We can represent the collapse of an object (e.g. a star) by a Penrose causal diagram looking like:
The trouble is that I now have to explain what a Penrose diagram is, but that would be a long article in itself. The vertical axis is a timelike coordinate and horizontal distance away from the vertical dashed line is sort of radial distance. One of the key points about these diagrams is that light rays always travel at 45º. You'll see why this matters in a moment.
The green line shows the surface of the collapsing object, and the red line shows the singularity. You might be a bit puzzled that the singularity is a line not as point, but remember that this is a spacetime diagram so every point in space traces out a line as it moves through time.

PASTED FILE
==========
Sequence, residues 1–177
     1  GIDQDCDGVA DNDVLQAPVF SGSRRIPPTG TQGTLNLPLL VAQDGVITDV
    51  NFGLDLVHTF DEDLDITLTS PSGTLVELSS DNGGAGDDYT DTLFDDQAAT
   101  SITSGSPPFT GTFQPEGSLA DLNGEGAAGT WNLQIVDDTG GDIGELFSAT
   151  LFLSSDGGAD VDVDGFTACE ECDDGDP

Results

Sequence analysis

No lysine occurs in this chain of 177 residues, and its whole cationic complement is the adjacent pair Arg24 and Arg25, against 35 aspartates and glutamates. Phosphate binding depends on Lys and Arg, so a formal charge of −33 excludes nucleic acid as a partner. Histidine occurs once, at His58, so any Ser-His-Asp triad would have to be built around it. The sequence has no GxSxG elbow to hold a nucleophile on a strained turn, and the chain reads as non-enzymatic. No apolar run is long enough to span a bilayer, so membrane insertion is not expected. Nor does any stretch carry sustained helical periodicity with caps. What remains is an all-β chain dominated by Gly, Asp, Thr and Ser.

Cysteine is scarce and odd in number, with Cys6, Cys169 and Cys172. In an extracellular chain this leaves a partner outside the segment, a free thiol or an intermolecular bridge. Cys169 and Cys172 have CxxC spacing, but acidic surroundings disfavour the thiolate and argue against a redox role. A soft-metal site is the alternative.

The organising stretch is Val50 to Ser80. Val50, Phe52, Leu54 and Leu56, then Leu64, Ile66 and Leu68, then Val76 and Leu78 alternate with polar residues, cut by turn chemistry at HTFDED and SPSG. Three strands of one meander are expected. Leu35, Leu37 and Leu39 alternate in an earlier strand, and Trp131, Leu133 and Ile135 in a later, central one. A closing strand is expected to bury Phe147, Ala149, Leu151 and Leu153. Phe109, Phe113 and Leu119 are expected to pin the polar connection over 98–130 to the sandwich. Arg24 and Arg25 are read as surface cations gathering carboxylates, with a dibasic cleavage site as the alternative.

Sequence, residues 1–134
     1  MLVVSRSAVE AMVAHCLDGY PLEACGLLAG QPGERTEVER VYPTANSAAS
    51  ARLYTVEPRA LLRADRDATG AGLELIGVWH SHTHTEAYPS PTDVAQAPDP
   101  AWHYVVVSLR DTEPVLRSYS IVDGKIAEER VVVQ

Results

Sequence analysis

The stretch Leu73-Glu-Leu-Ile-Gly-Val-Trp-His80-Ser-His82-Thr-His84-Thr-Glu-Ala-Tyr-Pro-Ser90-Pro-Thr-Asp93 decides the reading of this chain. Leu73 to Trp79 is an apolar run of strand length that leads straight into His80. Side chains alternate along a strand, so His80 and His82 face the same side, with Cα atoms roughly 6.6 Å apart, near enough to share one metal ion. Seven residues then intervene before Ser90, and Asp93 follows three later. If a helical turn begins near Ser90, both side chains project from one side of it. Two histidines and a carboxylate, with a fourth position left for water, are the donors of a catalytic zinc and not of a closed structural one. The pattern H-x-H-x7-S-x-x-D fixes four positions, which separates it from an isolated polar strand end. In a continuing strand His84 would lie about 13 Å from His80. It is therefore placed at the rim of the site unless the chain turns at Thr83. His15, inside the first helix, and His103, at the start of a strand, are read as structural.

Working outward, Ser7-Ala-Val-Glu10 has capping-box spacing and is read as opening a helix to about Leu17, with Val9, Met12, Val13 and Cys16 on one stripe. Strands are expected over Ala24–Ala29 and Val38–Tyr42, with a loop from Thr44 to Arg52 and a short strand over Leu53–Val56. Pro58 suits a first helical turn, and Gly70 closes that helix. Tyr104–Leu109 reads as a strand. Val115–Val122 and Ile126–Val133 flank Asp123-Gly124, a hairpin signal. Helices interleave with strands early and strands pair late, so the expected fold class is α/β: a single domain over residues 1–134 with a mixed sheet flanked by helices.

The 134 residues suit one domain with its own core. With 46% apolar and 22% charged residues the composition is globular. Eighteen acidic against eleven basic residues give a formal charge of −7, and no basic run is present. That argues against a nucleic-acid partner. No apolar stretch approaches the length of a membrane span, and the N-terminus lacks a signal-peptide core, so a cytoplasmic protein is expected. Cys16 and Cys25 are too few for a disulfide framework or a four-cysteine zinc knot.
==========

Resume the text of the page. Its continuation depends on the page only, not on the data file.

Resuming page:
If we consider a light ray emitted from the surface of the star, then that light ray will travel at 45º from lower left to upper right, like the blue arrow I've drawn. It should be obvious that every light ray emitted after the blue arrow must hit the singularity, so the blue arrow shows the time at which the event horizon forms. It should also also be obvious that this happens before the singularity forms.
So the answer to your question is that yes the horizon does form before the singularity forms.
The vertical axis is not time as you and I understand it. It's actually the timelike coordinate $v$ from the Kruskal-Szekeres coordinates that has been further transformed to map the infinite time axis onto a finite line. The mapping preserves causality, so something at later "time" cannot cause something at an earlier "time". Thus we can confidently state that the singularity forms "after" the horizon. But this does not correspond in any useful way to times you might measure with your clock. In fact according your clock neither the horizon nor the singularity will ever form i.e. both would require an infinite time to form.